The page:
Celanese Corporation has made plans to construct manufacturing facilities in China and the U.S. to utilize recently-developed advanced technology for the production of ethanol for chemical applications and other industrial uses. Celanese's process technology builds on the company's acetyl platform and integrates new technologies to produce ethanol using basic hydrocarbon feedstocks.
"We are very excited about our technology advancement as it allows us to address growing global demand for ethanol in industrial applications," said Dave Weidman, chairman and chief executive. "The company has successfully integrated newly developed technologies with elements of our proprietary advanced acetyl platform to provide an economically-advantaged solution for global ethanol needs."
Following necessary approvals, Celanese intends to construct one, and possibly two, industrial ethanol complexes in China to serve the fast-growing Asia region. Initial annual production capacity of each complex is expected to be approximately 400,000 tons. The company could begin industrial ethanol production within 30 months after project approvals. Current chemical application demand for ethanol in China is approximately three million tons annually and is expected to grow between eight percent and 10 percent per year. Celanese's technology allows capacity to be more than doubled at less than the original investment to meet future demand. The China units would utilize coal as the primary raw material.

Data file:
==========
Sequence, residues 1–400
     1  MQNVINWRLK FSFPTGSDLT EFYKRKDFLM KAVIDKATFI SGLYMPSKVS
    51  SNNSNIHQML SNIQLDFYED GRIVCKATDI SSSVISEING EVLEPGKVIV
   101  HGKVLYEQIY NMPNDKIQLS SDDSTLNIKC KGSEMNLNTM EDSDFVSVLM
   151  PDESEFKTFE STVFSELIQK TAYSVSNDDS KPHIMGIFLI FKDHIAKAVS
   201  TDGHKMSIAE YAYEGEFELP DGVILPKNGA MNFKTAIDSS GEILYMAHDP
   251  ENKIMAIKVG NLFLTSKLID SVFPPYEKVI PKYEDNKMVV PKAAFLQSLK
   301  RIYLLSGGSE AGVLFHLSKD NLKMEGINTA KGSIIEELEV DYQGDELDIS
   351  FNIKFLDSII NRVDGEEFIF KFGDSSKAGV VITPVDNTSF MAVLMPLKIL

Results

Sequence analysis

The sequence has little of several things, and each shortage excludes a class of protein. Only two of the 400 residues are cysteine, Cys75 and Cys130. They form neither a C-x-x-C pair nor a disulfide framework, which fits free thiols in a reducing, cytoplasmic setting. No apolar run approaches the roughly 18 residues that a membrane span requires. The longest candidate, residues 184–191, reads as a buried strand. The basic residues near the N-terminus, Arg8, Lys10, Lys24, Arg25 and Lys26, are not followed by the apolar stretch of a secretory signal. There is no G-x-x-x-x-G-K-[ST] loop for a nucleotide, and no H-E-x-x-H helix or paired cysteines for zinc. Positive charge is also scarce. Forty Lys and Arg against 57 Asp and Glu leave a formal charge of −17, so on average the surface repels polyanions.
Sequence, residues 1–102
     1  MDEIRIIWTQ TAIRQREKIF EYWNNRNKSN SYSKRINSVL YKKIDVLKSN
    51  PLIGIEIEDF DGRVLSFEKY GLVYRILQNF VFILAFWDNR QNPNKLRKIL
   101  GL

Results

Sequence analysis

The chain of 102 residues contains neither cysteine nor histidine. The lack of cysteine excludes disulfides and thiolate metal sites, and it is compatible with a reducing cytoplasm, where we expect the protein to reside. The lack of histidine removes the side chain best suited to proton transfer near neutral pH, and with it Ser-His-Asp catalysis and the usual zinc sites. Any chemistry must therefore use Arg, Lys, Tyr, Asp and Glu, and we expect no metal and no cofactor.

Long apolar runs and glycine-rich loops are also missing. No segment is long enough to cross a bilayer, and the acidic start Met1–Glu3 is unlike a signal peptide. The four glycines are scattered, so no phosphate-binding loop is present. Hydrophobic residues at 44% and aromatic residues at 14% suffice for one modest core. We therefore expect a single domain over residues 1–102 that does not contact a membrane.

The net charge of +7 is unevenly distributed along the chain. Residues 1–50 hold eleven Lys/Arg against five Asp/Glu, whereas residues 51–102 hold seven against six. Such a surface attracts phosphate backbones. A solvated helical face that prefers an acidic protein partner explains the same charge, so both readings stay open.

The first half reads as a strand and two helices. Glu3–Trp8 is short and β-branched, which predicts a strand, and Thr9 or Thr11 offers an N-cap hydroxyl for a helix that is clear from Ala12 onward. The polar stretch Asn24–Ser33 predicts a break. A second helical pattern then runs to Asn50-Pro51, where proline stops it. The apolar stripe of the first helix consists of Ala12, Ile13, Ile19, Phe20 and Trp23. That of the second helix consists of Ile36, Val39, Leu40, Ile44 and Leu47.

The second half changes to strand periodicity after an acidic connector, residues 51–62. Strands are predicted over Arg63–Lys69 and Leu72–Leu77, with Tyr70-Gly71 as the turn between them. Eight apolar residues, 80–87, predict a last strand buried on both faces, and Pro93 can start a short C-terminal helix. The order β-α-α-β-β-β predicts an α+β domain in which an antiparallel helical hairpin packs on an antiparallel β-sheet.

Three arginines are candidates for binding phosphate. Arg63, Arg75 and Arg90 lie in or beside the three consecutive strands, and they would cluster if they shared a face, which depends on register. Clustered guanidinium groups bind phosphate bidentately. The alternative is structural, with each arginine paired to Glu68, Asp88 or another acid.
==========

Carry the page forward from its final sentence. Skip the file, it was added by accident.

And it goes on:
Celanese also intends to build an approximately 40,000 ton industrial ethanol production unit at its Clear Lake, Texas, facility in the U.S. for either internal use or merchant demand. The unit will also support continuing technology development efforts over the next several years. Following approvals, construction of the unit is anticipated to begin in mid-2011 and to be completed by the end of 2012. The Clear Lake facility would utilize natural gas as its primary raw material.
For more information visit www.celanese.com.
Celanese to Build Ethanol Plants in China and the U.S.
blog comments powered by Disqus